A next-generation Cuban exile continues the legacy in ‘The Walls Have Ears’ at the American Museum for the Cuban diaspora
The vibrant city of Miami, steeped in its Cuban heritage, stands as a testament to the resilience and tenacity of its immigrant population. The American Museum of the Cuban Diaspora proudly announces its latest offering, “The Walls Have Ears” (Las Paredes Oyen), masterfully directed by Gabriel Bonilla and birthed from the pen of Miami’s own Robby Ramos.
“The Walls Have Ears” catapults us back to the fraught days of the 1962 Cuban Missile Crisis. Beyond mere historical retelling, this narrative dives deep into the human spirit, familial bonds, and the life-altering decisions made in the shadows of monumental events. Set against the backdrop of a tropical gulag, we witness a Cuban family’s destiny teetering precariously. Their story, replete with trials and emotions, prompts us to ponder: can familial love withstand the crushing weight of a nation in upheaval?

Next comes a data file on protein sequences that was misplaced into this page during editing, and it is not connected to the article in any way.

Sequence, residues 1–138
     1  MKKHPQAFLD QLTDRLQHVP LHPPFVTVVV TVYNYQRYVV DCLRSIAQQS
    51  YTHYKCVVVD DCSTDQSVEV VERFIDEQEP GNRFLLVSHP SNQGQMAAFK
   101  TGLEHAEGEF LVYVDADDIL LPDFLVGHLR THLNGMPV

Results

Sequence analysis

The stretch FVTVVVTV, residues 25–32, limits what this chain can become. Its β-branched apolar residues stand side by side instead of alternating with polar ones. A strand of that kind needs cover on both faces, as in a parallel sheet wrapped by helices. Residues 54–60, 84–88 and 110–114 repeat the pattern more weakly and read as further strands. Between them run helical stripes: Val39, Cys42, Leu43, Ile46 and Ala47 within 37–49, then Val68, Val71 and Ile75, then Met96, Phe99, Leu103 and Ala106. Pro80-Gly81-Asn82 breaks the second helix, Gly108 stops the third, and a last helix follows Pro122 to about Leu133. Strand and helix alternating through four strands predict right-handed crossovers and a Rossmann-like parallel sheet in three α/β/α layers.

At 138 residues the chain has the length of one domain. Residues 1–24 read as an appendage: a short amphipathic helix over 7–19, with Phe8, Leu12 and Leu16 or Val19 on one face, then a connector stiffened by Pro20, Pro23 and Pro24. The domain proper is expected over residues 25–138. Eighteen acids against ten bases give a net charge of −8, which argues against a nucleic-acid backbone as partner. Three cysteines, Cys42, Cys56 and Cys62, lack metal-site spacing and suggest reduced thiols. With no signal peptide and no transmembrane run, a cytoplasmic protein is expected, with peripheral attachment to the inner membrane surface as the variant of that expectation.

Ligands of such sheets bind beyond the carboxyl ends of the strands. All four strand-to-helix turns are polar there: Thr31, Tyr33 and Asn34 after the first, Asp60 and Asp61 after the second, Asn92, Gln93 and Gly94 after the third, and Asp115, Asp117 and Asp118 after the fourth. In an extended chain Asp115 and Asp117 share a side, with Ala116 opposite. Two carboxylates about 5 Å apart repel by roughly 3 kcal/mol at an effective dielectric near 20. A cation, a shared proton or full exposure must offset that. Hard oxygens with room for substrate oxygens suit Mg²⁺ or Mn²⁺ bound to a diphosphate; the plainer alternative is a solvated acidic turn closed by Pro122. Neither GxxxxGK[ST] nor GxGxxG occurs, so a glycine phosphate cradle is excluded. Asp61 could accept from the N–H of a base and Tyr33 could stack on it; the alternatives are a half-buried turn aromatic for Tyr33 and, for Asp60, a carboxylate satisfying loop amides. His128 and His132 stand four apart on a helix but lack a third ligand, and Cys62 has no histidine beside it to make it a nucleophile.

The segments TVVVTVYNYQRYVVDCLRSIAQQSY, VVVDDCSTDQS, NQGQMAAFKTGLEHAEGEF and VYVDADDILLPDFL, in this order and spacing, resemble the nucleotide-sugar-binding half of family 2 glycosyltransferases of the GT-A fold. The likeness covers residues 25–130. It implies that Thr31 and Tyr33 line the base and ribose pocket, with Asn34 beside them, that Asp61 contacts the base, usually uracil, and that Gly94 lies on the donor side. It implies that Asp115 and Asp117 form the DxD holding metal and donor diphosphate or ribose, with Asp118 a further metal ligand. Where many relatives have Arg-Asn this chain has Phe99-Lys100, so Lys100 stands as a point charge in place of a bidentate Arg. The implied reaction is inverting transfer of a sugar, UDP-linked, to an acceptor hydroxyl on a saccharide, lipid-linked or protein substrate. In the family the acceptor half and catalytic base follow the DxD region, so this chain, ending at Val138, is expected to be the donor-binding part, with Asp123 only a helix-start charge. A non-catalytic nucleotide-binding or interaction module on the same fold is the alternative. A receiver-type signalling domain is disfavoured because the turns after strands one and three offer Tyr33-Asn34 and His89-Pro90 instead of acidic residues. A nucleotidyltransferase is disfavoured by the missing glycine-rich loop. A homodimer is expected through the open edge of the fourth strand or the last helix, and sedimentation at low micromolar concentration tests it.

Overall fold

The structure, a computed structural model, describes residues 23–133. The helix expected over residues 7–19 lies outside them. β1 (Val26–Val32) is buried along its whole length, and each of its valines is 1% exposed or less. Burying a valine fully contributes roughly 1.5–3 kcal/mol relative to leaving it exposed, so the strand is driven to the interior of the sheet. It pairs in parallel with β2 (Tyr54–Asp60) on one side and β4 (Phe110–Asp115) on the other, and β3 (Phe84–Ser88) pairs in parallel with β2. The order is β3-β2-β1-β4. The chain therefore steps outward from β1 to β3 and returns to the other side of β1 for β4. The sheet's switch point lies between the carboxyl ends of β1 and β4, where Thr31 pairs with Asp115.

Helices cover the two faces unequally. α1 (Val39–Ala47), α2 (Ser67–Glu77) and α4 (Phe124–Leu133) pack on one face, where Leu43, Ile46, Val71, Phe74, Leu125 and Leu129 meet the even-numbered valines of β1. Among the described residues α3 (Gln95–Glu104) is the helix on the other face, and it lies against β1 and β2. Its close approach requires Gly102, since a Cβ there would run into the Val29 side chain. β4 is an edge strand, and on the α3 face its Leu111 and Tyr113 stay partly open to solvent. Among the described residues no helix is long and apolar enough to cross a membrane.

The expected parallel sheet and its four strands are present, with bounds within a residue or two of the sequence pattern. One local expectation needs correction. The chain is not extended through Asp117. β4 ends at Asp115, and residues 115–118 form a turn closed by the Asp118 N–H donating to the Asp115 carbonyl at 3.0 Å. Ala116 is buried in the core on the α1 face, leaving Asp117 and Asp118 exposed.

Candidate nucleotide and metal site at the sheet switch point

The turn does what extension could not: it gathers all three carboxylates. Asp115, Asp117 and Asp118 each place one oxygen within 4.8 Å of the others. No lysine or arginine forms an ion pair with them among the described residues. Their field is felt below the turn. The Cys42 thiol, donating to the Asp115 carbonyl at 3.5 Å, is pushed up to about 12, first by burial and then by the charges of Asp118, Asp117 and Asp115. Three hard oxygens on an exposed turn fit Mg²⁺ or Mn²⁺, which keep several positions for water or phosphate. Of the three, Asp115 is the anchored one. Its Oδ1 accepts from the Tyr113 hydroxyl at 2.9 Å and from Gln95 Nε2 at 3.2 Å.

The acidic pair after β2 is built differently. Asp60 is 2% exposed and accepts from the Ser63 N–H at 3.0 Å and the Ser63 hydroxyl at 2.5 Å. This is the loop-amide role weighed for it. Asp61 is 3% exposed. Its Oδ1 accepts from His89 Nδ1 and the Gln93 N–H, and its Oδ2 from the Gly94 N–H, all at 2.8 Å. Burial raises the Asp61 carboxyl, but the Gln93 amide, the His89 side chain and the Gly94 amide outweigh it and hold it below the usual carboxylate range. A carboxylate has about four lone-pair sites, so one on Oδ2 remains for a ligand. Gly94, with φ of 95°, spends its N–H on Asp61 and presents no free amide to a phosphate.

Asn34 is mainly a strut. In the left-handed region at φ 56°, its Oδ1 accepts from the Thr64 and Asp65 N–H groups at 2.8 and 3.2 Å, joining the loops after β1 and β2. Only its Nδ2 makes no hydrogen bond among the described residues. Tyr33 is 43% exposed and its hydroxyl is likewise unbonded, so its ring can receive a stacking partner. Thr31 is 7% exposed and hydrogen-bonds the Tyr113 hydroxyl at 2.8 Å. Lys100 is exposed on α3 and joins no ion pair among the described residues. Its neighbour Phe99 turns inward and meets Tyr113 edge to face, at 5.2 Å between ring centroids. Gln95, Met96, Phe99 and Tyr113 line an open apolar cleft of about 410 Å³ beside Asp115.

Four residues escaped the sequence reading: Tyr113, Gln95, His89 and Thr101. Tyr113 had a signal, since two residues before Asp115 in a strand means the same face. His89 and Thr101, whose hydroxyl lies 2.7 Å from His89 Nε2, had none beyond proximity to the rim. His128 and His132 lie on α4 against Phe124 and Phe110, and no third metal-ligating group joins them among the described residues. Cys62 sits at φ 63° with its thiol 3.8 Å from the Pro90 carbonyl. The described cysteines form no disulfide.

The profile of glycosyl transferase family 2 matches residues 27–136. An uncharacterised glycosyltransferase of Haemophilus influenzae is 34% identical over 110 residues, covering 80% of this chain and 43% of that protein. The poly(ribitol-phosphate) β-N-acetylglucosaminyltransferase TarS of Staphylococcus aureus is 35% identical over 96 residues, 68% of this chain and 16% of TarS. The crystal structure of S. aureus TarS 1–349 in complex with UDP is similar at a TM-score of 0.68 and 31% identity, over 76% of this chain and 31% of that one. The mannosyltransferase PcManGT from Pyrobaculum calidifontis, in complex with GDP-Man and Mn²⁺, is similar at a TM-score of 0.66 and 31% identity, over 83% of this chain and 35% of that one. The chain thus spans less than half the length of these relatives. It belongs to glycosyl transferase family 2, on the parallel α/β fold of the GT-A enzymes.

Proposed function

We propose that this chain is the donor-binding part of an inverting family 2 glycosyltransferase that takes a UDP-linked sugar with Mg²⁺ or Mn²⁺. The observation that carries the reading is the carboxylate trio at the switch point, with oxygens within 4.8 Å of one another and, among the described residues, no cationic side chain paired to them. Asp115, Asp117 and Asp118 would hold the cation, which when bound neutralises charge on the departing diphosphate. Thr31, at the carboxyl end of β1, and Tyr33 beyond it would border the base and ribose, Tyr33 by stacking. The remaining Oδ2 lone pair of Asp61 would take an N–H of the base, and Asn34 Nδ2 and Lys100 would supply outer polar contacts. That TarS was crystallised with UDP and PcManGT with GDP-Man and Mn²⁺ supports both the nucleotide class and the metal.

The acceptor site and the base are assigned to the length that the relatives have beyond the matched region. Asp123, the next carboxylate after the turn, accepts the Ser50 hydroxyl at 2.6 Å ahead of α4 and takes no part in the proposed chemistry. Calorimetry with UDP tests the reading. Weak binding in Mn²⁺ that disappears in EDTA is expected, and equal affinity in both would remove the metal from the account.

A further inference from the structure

Growing up in a Cuban household is like living in a multi-layered spiritual universe. You might find yourself listening to tales of saints and sinners on Sunday, and then hear whispers of ancestral spirits and divine orishas by Tuesday. The interplay of Catholicism with older world folk spiritual practices like Yoruba and Santeria makes for a weaving of traditions that is as vibrant as it is confounding.
Sunday Mass and Monday Magic